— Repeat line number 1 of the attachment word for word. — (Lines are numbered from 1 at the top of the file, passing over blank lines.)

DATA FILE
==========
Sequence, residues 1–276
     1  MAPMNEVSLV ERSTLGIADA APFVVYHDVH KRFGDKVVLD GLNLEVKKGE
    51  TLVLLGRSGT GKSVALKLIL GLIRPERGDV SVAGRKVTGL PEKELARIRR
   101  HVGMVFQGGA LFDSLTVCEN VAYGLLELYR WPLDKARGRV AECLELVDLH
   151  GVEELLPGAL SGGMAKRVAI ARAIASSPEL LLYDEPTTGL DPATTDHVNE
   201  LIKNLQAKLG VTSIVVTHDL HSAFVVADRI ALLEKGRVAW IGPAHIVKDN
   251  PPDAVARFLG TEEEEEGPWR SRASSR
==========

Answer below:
Sequence, residues 1–276